Banks to U.S.: Take our $55 billion, please
Five of the nation's largest banks, including Goldman Sachs and JPMorgan Chase, repay billions of TARP dollars.
NEW YORK (Reuters) -- Five of the largest U.S. banks, including Goldman Sachs Group Inc, JPMorgan Chase & Co and Morgan Stanley, repaid billions of dollars in taxpayer bailout funds Wednesday, getting out from under the government's thumb.
Banks have been anxious to return the funds, taken under the $700 billion Troubled Asset Relief Program to escape the strings attached, including restrictions on executive compensation.
JPMorgan (JPM, Fortune 500) said it repaid $25 billion, Goldman (GS, Fortune 500) and Morgan Stanley (MS, Fortune 500) $10 billion each, U.S. Bancorp (USB, Fortune 500) $6.6 billion, and BB&T Corp. (BBT, Fortune 500) $3.1 billion.
In connection with announcing the repayment, Goldman also said it paid a dividend of $425 million, which will reduce second-quarter profit by about 77 cents per share.
JPMorgan, U.S. Bancorp and BB&T also intend to buy back warrants for their common stock from the U.S. Treasury, which they awarded when they took the bailout money.
The warrants give the Treasury the right for up to 10 years to buy common stock in the banks at a set price. Banks can buy back the warrants at "fair market value," the Treasury said.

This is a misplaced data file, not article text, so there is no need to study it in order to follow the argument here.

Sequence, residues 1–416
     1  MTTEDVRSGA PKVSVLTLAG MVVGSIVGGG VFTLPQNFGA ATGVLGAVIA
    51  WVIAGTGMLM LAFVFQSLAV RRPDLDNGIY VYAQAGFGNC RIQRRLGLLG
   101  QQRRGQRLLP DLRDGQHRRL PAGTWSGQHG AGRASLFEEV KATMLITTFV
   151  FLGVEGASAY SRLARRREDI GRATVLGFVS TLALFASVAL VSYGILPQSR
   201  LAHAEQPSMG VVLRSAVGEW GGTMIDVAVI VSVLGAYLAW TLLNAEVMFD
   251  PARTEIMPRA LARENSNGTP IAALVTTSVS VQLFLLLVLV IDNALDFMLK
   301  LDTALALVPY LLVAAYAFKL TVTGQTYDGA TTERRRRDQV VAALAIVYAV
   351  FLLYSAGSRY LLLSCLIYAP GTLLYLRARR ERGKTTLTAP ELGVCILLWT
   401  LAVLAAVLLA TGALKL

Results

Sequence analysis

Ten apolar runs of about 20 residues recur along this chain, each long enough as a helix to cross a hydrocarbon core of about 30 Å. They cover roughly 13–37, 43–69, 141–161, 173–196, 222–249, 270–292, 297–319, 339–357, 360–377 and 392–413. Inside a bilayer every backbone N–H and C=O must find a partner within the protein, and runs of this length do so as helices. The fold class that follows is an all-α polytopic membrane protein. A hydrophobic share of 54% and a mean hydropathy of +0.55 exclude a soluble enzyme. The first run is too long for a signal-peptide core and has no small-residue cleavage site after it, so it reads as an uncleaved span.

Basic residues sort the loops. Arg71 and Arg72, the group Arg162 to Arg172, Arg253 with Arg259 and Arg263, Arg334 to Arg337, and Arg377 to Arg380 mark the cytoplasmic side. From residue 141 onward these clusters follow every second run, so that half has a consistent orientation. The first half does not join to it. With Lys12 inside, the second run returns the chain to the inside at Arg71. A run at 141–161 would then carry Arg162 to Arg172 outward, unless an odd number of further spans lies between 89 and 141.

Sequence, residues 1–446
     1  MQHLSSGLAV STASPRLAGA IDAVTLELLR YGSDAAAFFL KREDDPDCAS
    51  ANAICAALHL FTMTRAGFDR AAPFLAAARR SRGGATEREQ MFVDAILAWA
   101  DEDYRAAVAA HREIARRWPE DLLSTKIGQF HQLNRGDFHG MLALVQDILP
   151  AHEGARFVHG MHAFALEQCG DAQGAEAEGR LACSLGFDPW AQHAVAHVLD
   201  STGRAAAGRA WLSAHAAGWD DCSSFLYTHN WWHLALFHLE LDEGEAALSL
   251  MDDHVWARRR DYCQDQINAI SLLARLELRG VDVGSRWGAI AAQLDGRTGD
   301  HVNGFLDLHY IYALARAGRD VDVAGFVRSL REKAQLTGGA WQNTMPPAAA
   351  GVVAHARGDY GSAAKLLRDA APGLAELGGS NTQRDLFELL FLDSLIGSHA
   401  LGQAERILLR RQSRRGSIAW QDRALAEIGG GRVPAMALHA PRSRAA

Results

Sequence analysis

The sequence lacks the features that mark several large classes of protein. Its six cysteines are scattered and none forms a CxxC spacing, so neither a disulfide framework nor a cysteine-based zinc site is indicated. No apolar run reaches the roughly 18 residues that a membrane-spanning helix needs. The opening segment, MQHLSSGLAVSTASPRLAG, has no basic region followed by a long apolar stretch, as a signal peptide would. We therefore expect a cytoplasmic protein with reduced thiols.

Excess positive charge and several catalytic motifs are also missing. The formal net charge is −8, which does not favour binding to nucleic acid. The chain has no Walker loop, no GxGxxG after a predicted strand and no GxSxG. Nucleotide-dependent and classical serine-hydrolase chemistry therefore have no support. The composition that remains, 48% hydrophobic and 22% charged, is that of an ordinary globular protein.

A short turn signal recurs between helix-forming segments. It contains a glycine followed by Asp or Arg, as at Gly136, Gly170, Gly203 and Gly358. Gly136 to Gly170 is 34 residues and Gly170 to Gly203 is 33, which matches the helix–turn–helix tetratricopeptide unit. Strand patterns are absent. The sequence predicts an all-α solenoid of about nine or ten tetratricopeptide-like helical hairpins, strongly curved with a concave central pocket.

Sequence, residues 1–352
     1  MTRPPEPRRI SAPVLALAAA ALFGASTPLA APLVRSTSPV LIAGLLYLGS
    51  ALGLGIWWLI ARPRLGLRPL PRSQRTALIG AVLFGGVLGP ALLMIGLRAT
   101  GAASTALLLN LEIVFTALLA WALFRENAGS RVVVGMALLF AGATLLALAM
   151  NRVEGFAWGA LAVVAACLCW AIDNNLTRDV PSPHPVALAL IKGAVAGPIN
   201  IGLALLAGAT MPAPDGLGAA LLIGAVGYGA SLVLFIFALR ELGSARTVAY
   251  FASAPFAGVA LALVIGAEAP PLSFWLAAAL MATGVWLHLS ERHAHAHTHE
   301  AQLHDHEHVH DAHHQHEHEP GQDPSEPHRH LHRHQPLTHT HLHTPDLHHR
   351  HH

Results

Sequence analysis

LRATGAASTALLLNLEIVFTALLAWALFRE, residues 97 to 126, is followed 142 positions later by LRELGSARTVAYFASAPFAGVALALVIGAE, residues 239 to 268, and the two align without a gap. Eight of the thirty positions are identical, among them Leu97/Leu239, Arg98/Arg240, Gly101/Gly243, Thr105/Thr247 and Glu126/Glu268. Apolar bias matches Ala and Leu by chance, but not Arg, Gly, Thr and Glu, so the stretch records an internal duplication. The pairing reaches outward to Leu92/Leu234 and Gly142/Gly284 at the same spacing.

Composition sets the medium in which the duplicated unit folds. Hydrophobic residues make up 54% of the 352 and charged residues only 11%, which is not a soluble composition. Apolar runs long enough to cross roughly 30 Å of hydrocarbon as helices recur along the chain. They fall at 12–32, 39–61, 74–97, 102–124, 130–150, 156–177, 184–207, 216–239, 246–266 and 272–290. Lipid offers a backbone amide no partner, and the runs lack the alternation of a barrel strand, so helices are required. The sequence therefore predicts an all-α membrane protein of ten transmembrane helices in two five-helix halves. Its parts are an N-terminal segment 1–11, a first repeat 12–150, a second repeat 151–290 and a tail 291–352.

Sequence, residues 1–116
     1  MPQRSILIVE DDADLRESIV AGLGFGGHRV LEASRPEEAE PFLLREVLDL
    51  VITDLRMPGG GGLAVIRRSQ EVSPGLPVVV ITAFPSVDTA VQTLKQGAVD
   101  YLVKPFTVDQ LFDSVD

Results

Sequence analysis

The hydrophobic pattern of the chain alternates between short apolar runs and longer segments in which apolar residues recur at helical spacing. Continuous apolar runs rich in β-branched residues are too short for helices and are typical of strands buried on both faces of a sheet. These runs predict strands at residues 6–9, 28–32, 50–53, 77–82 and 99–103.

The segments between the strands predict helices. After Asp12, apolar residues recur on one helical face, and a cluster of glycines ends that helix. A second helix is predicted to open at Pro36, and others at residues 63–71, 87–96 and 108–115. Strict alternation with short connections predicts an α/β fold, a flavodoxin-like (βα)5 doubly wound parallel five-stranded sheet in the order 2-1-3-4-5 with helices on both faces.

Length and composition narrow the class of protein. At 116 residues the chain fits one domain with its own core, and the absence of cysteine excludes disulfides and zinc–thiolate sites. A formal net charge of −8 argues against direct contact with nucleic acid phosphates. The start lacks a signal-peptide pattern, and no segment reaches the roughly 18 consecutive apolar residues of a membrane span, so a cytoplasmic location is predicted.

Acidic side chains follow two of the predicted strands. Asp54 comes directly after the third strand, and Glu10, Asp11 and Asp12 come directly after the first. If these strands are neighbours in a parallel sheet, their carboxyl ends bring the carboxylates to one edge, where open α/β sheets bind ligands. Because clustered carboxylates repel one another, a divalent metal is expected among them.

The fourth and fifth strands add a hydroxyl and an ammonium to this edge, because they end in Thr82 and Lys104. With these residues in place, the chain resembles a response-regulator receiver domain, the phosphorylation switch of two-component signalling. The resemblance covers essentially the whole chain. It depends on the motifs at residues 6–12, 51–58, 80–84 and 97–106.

BB&T is negotiating a buyback, a spokesman said. The other banks did not comment on the status of buybacks or potential terms.
Other big banks that won permission from the government to repay TARP funds are Bank of New York Mellon Corp (BK, Fortune 500)., Capital One Financial Corp. (COF, Fortune 500), Northern Trust Corp. (NTRS, Fortune 500) and State Street Corp. (STT, Fortune 500)
As a condition of being allowed to repay, banks had to show they could raise money from the private sector by selling stock and issuing debt without the help of government guarantees.
The Federal Reserve also had to agree that their capital levels were adequate to allow them to continue lending.
At least 22 smaller banks have been allowed to repay some or all of their TARP money, although most must still negotiate terms to buy back or extinguish their associated warrants.